Fifty billion here, $10 billion there—estimates of the size and the growth of demand for cannabis, cannabis research and other marijuana-related ancillary products and services differ only in guessing at just how huge weed is going to be, everywhere, for everybody. (Amazing; this is just what investors want to hear!)
Now comes sweet music for the ears of anyone involved with a marijuana-testing lab: cannabis testing is poised to become a $1.4 billion market by itself, according to a new estimate.
Cannabis lab testing for potency, purity and detailed information such as terpene counts was worth $866 million in 2016. With rising demand for medical marijuana throughout the world, and legalized recreational cannabis available throughout more and more of North America, testing labs will be worth $1.4 billion by 2021—a year-over-year growth rate of more than 10 percent. Which is to say: pretty huge.
The estimate includes the cost of equipment and computer software used to test cannabis—expensive liquid and gas-chromatography machines—as well as the cost of hiring skilled and trained humans to run them and interpret the results. This is one area where growth may be inhibited; according to research analysts, there is a “dearth of skilled professionals” working in marijuana lab testing.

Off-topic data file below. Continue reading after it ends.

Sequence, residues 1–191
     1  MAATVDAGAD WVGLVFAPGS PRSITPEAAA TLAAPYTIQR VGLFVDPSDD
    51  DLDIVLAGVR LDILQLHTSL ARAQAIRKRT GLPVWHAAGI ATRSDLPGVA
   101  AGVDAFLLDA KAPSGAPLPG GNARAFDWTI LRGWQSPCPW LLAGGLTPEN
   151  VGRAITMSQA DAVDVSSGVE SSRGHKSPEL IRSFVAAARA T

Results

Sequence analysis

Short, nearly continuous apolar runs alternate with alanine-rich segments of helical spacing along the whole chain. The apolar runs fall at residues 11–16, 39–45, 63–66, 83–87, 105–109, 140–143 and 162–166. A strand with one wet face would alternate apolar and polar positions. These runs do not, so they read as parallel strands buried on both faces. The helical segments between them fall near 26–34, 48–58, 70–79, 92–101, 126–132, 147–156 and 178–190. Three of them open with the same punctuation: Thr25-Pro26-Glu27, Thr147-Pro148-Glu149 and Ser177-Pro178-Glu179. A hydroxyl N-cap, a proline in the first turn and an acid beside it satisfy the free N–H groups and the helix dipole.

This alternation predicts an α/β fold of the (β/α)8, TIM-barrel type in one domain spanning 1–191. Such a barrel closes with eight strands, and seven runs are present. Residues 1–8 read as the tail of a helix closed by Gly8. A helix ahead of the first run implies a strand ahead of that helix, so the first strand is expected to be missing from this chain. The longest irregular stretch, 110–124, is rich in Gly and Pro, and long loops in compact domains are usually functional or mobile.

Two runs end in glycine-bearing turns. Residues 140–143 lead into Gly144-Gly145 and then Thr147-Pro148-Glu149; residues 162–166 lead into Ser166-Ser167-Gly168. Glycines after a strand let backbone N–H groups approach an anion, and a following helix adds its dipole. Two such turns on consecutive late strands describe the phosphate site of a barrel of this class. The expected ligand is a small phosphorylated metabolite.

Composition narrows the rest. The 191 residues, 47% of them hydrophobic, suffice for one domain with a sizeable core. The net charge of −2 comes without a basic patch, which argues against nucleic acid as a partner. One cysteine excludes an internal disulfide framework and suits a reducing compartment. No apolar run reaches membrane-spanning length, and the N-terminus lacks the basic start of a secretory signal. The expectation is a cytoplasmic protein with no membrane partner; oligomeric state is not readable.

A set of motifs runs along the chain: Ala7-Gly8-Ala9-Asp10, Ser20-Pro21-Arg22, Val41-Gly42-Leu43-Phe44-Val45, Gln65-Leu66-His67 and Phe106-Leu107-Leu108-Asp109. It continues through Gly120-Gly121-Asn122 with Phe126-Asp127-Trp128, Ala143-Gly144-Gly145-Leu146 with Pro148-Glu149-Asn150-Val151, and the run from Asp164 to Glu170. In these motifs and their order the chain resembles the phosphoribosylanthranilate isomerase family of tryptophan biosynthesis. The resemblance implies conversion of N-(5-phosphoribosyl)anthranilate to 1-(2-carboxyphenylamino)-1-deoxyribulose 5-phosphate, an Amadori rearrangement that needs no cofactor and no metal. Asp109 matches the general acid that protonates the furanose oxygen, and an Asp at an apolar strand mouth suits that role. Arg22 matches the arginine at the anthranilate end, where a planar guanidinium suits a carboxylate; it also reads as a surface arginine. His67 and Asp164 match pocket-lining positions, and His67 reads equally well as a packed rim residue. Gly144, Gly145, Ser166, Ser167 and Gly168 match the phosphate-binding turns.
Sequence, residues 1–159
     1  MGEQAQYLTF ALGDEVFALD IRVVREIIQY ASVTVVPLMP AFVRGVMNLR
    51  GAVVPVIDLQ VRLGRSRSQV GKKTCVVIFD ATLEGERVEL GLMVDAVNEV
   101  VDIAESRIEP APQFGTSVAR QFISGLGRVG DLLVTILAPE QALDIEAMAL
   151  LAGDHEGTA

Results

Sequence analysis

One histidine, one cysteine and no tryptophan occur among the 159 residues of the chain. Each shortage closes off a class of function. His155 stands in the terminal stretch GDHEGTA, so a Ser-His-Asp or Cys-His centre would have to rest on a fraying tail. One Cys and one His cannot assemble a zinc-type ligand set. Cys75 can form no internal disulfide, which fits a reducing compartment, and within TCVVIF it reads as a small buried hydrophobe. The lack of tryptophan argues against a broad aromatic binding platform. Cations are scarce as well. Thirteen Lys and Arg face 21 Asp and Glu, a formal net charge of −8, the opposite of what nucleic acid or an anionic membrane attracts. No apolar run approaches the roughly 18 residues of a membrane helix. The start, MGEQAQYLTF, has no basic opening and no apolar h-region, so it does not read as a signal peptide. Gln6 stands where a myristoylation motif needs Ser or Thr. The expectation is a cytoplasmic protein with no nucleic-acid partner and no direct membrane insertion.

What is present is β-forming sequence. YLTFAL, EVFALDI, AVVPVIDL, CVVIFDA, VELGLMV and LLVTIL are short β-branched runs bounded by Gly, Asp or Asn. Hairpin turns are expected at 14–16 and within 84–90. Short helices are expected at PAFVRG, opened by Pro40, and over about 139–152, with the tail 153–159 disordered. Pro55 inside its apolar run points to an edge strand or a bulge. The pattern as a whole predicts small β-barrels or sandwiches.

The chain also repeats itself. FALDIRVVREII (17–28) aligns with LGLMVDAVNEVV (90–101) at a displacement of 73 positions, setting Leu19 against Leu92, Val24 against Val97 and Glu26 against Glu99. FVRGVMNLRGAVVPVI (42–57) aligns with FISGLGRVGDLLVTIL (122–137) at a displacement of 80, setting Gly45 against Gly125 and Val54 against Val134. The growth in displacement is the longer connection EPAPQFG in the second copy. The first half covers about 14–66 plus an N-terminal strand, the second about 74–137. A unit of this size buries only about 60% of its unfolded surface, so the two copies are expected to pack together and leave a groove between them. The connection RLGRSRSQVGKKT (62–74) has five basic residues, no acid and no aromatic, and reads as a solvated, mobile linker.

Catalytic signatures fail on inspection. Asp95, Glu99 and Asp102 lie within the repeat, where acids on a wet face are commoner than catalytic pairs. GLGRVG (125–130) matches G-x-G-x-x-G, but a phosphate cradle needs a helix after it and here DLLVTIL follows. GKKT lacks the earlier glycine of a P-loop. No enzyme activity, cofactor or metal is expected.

This is all according to an estimate from Markets and Markets, an India-based “global research firm” founded in 2001 that is also a veritable report factory. This estimate on the cannabis testing market is but one of 60,000 market reports the organization claims to publish in a calendar year. (Reading the full report will cost you several thousand dollars; this is all per the perfunctory introduction.)
It’s safe to say that there will be increasing demand for accurate and reliable marijuana testing and the subsequent clean cannabis, following a string of contamination scandals.
Two of Health Canada’s officially licensed marijuana companies were recently found to be using a banned pesticide in product delivered to patients—some of whom say they are now more sick than they were before as a result—and in California, an immuno-compromised cancer patient died after acquiring a fungal contamination that may have originated in smoked marijuana.
One area where lab testing is absolutely set to expand significantly is California—the largest single producer and consumer of cannabis in America—where none of the marijuana is subject to state quality-control standards and may be sold as-is until Jan. 1, 2018.
According to Berkeley, Calif.-based Steep Hill Labs, one of the labs mentioned in Markets and Markets’ report as a key player, much of the marijuana sold in dispensaries in California would fail safety standards in other states.
Of particular concern are the CO2 cartridges used in vape pens. More popular than ever as a discrete, clean and easy way to consume cannabis, cartridges use oil distilled from raw cannabis—and any contamination in the starting product is concentrated in the resulting oil.
Some vape cartridges may also include chemicals including polyethylene glycol, which is classified as a carcinogen. Does yours have this nasty stuff? You probably don’t know! Though you’d like to—and hopefully you will, well before the industry that’s telling you becomes worth seven figures.
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